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The Drug Regulation Reform Act of 1978

Martin I. Blake, PhD, RPh
JAMA. 1978;240(15):1586-1587. doi:10.1001/jama.1978.03290150032010.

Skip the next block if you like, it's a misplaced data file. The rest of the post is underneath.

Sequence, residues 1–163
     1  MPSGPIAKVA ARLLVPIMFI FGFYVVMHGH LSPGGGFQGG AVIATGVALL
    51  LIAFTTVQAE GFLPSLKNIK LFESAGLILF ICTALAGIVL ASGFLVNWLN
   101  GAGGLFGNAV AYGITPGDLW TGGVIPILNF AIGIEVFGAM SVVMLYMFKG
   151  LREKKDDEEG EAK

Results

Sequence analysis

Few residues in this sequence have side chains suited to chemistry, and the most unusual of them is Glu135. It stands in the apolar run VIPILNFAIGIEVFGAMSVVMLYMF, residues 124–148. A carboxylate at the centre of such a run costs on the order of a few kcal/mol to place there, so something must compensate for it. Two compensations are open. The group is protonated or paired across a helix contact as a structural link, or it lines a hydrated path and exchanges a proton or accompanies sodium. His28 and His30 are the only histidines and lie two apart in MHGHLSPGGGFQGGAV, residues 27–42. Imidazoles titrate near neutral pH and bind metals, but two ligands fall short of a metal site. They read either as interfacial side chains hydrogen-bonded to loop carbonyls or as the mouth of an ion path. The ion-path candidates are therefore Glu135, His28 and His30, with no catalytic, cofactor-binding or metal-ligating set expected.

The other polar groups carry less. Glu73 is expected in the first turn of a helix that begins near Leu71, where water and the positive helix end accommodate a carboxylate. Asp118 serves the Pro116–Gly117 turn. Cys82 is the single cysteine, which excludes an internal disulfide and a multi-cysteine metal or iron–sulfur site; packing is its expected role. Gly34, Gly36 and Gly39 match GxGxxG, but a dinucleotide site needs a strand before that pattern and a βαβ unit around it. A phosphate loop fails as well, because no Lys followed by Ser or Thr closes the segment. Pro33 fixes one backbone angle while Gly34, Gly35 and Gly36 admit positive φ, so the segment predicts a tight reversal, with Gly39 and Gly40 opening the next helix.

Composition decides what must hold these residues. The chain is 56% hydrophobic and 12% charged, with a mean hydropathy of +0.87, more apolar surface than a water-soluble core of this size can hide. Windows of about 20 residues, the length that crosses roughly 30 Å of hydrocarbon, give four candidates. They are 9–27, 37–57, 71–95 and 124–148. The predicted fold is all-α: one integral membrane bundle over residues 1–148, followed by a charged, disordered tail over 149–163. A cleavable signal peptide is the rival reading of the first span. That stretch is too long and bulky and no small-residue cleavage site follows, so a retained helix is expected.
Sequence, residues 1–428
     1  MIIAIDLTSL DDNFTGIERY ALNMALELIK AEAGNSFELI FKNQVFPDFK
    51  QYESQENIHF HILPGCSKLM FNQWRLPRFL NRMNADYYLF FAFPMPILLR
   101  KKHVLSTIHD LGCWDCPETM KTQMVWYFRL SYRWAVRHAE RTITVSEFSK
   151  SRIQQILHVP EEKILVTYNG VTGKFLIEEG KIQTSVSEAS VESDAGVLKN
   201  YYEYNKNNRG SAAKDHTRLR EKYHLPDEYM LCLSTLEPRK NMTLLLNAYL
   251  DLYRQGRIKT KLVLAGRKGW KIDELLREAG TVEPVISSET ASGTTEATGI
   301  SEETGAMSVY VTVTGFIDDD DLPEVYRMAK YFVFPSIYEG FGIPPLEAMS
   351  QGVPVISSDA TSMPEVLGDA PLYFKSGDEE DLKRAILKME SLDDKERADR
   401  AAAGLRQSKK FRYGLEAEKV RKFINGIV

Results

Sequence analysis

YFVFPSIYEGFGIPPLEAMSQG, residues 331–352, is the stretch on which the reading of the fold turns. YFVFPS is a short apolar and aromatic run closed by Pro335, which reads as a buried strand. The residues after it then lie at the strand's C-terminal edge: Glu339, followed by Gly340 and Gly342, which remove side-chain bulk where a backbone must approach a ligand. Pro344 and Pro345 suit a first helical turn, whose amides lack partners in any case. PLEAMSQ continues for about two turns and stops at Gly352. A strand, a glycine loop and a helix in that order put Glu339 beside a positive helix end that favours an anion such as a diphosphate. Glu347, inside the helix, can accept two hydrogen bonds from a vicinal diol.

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To the Editor.—  The Drug Regulation Reform Act of 1978 (HR 12980 and S 2755, 95th Congress, second session) supposedly is designed to update the Federal Food, Drug, and Cosmetic Act of 1938 and is hoped to provide a mechanism that will facilitate the introduction of safe and effective drugs into our health care system. In the preface to an analysis of the proposed legislation,1 Secretary of the Department of Health, Education, and Welfare Joseph Califano notes that "the dynamic developments in the science of drug therapy clearly have outstripped a relatively static law." In light of that comment, one wonders why the proposed Act continues to recognize as official the anachronous Homeopathic Pharmacopeia and the "drug entities" and "drug products" contained therein. The analysis report makes the following statement: "Homeopathy is analogous to (but in fact quite distinct from) the theory of immunization." An elaboration of that statement

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